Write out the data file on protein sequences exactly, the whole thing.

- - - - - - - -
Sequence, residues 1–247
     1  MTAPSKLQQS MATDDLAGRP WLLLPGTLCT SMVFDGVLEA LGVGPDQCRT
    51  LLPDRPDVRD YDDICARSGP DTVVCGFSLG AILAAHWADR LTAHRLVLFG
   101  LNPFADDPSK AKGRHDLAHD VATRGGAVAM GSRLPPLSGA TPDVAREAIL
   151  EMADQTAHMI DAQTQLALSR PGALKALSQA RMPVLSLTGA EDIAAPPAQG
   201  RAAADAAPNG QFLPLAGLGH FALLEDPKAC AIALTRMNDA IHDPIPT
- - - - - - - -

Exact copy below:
Sequence, residues 1–247
     1  MTAPSKLQQS MATDDLAGRP WLLLPGTLCT SMVFDGVLEA LGVGPDQCRT
    51  LLPDRPDVRD YDDICARSGP DTVVCGFSLG AILAAHWADR LTAHRLVLFG
   101  LNPFADDPSK AKGRHDLAHD VATRGGAVAM GSRLPPLSGA TPDVAREAIL
   151  EMADQTAHMI DAQTQLALSR PGALKALSQA RMPVLSLTGA EDIAAPPAQG
   201  RAAADAAPNG QFLPLAGLGH FALLEDPKAC AIALTRMNDA IHDPIPT